Instrumentation Time Efficiency Of Rotary And Hand Instrumentation Performed On Vital And Necrotic Human Primary Teeth: A Randomized Clinical TrialVieyra JP* and Enriquez FJJ
School of Dentistry, Universidad Autónoma de Baja California, Campus Tijuana, Tijuana, Baja California, México
- *Corresponding Author:
- Jorge Paredes Vieyra
PMB#1513, 710E San Ysidro Blvd. suite “A”
San Ysidro California 92173, USA
Tel: (619)8463512, 011526641230750
E-mail: [email protected]
Received date : March 04, 2014; Accepted date : March 29, 2014; Published date : March 31, 2014
Citation: Vieyra JP, Enriquez FJJ (2014) Instrumentation Time Efficiency of Rotary and Hand Instrumentation Performed on Vital and Necrotic Human Primary Teeth: A Randomized Clinical Trial. Dentistry 4:214. doi:10.4172/2161-1122.1000214
Copyright: © 2014 Vieyra JP, et al. This is an open-access article distributed under the terms of the Creative Commons Attribution License, which permits unrestricted use, distribution, and reproduction in any medium, provided the original author and source are credited.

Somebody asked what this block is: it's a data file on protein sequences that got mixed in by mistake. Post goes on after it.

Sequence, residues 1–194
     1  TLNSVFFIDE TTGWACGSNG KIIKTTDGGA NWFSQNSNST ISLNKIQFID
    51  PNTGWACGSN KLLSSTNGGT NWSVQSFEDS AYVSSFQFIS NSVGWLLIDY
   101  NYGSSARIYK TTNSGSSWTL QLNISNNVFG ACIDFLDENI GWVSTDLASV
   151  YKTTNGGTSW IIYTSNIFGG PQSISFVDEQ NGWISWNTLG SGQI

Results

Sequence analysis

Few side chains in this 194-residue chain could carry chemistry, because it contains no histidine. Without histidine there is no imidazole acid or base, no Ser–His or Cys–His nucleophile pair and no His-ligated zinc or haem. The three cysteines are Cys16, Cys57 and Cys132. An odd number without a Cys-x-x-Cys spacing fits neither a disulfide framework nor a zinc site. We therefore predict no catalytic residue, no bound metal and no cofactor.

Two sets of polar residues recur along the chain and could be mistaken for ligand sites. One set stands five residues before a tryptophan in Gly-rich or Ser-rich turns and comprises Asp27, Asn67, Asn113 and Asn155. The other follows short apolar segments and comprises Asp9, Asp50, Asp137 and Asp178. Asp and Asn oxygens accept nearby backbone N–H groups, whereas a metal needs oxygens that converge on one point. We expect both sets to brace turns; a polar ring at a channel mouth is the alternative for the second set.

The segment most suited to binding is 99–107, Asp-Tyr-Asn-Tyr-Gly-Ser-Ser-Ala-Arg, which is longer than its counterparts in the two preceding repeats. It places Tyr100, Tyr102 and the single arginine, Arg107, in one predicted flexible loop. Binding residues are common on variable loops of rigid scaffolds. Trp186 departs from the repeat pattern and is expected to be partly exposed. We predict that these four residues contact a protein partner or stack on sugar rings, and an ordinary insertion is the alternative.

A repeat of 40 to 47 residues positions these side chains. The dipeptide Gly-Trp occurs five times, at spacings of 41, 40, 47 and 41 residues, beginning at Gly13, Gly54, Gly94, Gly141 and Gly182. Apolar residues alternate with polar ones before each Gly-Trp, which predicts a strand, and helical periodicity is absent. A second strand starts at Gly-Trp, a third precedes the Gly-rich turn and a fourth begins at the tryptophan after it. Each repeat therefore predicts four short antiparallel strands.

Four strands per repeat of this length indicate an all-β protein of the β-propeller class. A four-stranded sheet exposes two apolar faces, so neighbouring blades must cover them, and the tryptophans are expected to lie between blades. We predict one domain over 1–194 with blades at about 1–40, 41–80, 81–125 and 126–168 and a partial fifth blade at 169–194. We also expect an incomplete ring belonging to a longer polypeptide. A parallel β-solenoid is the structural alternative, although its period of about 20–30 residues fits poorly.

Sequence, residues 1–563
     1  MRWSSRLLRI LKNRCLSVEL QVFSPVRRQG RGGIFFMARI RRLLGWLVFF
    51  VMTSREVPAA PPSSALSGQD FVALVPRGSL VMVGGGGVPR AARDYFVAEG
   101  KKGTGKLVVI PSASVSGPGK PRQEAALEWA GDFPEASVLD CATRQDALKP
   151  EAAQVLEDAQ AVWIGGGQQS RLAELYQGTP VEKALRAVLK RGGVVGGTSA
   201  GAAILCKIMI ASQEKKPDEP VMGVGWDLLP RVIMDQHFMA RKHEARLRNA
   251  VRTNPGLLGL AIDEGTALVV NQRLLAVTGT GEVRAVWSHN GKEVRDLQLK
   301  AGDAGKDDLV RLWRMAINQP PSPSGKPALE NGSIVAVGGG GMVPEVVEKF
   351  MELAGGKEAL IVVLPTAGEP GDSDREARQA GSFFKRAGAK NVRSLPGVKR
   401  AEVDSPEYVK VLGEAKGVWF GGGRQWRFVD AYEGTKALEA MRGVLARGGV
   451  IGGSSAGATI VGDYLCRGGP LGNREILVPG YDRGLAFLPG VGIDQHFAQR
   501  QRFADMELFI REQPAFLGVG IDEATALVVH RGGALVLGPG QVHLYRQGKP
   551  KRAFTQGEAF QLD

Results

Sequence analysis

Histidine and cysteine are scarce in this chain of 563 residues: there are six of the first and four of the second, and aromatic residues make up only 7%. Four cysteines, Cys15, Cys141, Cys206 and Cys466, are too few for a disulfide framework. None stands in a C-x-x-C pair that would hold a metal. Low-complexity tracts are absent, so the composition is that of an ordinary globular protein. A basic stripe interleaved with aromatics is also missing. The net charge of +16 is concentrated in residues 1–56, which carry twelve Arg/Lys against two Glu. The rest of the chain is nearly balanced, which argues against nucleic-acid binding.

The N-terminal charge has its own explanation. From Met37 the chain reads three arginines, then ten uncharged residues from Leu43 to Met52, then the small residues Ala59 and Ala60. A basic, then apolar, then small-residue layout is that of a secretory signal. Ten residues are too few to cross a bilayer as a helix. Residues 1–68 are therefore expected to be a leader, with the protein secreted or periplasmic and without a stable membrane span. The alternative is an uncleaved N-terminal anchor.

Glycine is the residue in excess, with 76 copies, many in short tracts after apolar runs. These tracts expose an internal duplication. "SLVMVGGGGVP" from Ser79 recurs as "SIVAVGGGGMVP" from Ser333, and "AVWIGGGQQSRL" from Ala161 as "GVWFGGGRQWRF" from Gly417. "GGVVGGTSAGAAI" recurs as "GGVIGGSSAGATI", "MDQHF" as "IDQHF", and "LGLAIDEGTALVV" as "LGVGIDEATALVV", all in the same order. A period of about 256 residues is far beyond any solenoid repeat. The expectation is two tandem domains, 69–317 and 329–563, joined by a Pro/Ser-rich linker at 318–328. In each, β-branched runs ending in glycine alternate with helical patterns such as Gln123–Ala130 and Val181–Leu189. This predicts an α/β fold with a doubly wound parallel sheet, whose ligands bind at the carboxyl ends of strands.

Aim: To compare the instrumentation time efficiency of rotary and hand instrumentation performed on necrotic human primary teeth.
Methodology: Patients aged 4-7 years were enrolled, forty five teeth (19 maxillary and 26 mandibular teeth), which had a total of 102 canals and completely formed apices and of minimum 10 mm root length were selected. Of the 45 treated primary molars, 31 teeth were diagnosed as having chronic pulpitis, and 14 as having pulp necrosis that responded negative to hot and cold tests; and, clinically, all pulps were conï¬Ârmed to be necrotic on entrance into the pulp chamber.
Results: The mean time spent for rotary root canal preparation and hand preparation for the three groups was GI: 20.10 ± 7.86, GII: 9.37 ± 2.19 minutes and GIII: 10.45 ± 4.77 minutes, respectively. With regard to canal filling quality, 29 cases (64.44%) were flush-filled, 5 cases (11.11%) were under-filled, and 11 cases (24.44%) were over-filled. The Student t test was used to compare data whether there were statistically signiï¬Âcant differences between the results obtained clinically. Signiï¬Âcance was set at p<0.05.
Conclusion: Clinically, time efficacy in primary molar endodontic treatment, especially with the unpredictability and difficulty of canal morphology, is invaluable. The use of rotary files in primary teeth has several advantages when compared with manual K files.